Arius felt a chill down his spine. Were these soldier immune to death, only to rise again after death? It would explain their hideous appearance if it was due to death time and time again. These were soldiers who saw the horrors of battle unto death several times over. Their scars would bear testimony of the fact.
The three moved on, and Arius stepped past the tree. He could see their back’s glistening in the soft moonlight which his eyes could pick up. Surgery had changed his eyes to mimic those of the planets residence, but in the dark they reverted back to their original light sensitive state.
A tremor brought him to spin to his right where he spotted a leather soldier twenty feet off. Its infrared scope glistened under the moonlight, and its rifle aimed for him. Arius sprayed the surrounding trees with the pull of a trigger while return fire pelted the tree behind him. The soldier sought cover, but took several hits to the chest before tumbling back.
Spinning back around, Arius knew that the other three would return, and thus they were through the bushes. Spraying the area with his rifle, Arius moved for cover back behind the tree as return fire shattered the other side. He knew more would be closing in, and he had to get out before they surrounded him.
Another rifle thundered several yards up the hill from the three soldiers, and Arius identified a fourth figure. The three soldiers took cover as one of them fell wounded. It was an ally, and Arius stepped around the oak, thundering the remainder of his clip toward the enemy. They scattered further, one taking a mortal wound to the head, and the second finding himself pinned behind a tree.
Arius sought cover behind another tree to reload while the soldier fired toward the other figure. With a click Arius hurried forward to press the soldier back. The fourth figure descended the hill and planted a knife into the wounded soldier, before Arius finished off the final one.
More were coming as he could feel them bearing toward them. The fourth figure made for Arius, before grabbing him by the arm. It was Brockumus.
“We must head for the harbor,” he said.
“What of the others?”
“They will take care of themselves. We must find safety and regroup later.”
The night pressed on as did they, but Arius felt the makings of a trap. 

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Ch11: Stories Told of History's Day

Copyright © 2013 by P.A. Lackey
All rights reserved.

No part of this story may be reproduced in any form or by any electronic or mechanical means including information storage and retrieval systems, without permission in writing from the author. 

Chapter Eleven: Stories Told of History's Day

Night had encroached upon them, and the five found themselves a few meters from the Gray Tower. A starry sky seemed to move above the trees as the planet continued its rotation, and the moon had for a short time been up. No fire stirred before them, as they wished to avoid attention. Thus they ignored the cold which impinged their bodies.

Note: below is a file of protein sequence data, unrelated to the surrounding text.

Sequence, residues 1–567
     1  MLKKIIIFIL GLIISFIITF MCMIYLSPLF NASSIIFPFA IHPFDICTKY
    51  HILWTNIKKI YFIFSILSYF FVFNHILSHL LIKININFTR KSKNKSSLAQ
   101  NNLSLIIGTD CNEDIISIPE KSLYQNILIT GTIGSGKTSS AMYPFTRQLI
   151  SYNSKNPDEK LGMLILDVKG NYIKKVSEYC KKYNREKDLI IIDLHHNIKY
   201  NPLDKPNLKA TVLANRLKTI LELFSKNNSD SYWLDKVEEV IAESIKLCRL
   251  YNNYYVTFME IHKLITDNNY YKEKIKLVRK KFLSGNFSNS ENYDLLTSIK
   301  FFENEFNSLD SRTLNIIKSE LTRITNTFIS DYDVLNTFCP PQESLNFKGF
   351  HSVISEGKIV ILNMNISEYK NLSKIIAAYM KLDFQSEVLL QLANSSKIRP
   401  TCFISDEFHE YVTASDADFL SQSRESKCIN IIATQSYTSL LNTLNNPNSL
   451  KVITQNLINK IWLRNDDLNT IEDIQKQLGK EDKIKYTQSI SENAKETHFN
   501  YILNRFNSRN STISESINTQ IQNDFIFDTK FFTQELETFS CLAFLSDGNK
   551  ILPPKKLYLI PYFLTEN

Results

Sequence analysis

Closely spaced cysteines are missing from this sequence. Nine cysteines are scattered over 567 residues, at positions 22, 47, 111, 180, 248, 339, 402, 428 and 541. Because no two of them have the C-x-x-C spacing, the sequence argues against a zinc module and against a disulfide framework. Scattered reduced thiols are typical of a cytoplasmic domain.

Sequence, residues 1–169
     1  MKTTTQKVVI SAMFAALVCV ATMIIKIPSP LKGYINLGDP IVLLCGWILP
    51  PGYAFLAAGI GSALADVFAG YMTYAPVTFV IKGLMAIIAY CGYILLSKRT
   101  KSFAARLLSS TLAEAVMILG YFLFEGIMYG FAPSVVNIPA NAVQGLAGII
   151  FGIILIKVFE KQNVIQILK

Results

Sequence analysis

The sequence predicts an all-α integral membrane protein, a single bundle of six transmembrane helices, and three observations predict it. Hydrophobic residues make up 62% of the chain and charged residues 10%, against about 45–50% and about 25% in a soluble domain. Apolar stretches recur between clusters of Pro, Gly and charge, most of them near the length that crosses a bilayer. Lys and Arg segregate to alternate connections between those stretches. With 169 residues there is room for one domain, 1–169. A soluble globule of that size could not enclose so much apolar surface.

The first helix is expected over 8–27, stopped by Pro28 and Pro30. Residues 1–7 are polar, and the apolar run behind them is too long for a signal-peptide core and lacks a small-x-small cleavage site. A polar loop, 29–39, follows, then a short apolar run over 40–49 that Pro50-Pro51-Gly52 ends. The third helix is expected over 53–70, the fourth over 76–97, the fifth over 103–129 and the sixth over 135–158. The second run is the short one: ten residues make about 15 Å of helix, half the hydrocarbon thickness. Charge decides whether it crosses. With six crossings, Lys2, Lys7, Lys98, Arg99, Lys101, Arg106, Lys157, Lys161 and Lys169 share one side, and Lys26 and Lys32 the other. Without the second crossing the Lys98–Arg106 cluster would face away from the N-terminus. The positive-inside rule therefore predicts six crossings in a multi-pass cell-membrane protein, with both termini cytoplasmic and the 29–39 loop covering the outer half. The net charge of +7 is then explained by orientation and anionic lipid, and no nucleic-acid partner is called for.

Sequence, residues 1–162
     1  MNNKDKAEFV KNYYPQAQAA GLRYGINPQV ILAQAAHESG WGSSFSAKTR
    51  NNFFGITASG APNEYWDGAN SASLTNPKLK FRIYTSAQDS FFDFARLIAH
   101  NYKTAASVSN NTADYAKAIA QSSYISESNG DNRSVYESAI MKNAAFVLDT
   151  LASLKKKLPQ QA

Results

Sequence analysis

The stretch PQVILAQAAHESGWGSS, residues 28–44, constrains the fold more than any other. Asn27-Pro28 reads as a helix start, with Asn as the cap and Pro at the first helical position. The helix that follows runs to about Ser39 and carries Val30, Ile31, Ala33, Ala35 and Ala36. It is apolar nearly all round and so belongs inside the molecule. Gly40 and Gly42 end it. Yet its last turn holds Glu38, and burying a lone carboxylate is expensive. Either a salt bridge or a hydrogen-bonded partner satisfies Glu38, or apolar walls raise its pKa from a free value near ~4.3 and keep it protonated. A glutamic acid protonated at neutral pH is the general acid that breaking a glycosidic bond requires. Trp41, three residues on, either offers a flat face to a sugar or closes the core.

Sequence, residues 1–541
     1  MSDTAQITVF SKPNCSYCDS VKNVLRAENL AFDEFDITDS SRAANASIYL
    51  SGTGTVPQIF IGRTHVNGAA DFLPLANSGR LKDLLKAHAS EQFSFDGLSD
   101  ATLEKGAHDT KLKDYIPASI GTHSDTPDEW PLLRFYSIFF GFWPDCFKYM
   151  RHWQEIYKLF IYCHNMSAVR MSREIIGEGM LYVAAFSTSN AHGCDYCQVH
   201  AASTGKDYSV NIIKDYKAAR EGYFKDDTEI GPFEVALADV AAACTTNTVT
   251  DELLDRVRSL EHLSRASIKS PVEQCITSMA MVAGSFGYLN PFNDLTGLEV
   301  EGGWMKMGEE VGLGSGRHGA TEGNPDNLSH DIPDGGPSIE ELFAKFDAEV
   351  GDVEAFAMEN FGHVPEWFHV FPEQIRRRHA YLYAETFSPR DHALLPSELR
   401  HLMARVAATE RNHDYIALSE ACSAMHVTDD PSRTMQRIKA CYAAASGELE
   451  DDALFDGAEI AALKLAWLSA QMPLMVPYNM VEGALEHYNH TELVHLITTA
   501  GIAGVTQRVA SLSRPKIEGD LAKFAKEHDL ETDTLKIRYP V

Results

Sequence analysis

Naturally the tower would have provided ideal shelter for the five, but it would have left them cornered if the enemy were to come upon them. Therefor Thorim thought it wise to keep a distance, though no one felt comfortable by it. There was a killer among them, and Arius knew that the others distrusted him. Even Thorim who was reluctant to accuse him, remained suspicious. Arius could tell by the way he behaved. Wary glances, and uncomfortable silence were a giveaway.
Gruegon and Brockumus kept watch for the night, though no one slumbered. Camus was the fifth mercenary among them, and even more than Arius, was probably the quieter of the bunch. He had over the trip developed a bond with Gruegon just as Rie with Grem, and Jayvolni with Dueson and Ruekrow. Arius supposed that Brockumus was his new friend during the trip which left Thorim as the loner. He didn’t seem to have any one friend among the mercenaries, but acted as their leader alone. Arius could only wonder what their commander was thinking.
A sharp clicking sounded in the camp, and they all reached for their wheel. A palm sized device that clicked off an encrypted message. The shape of it was a wheel, and engraved symbols ran around the rim. The top part of the wheel turned to press upon the bottom part, and a message was dialed from Jayvolni. It was their method of communications, as they had no radio or com. The wheel operated by a type of magnetism which only the corresponding devices were linked to, thus they were able to communicate no matter what their distance from each other.
“He has found a boat by the docks,” Thorim spoke aloud. “but it’s condition is in need of repair.”
“If he succeeds in repairing it,” said Camus. “Will we leave with him?”
“Our priority is the mission, but he is right to say that staying is dangerous,” replied Thorim. “We will go if we must.”
Another message clicked through the wheels, and Arius noted it as from Grem. The two had nearly made it back to the crash site, but there were many leathered savages there. It would be dangerous, but they dared to proceed in hopes of finding the ships transmitter.
Thorim replied with a warning, but they refused to take heed from their old commander. They were on their own now, and only communicated to remain informed. All became silent as soon as communication was over.
The insects upon the world had taken to their chirping for the night, and now Arius’ mind began to wonder. He thought of his future wife, and despaired for the great distance between them. Could he ever get back to her, or was his destiny there among men who did not trust him. Was all this really a ploy of his future father in law of riding him forever? Heat flashed through his body as he looked back upon his gullibility. Yawen Waid, the father of his future wife, had tricked him. Arius had trusted the man, and at one time considered him as a father he never had, but now he realized the usury.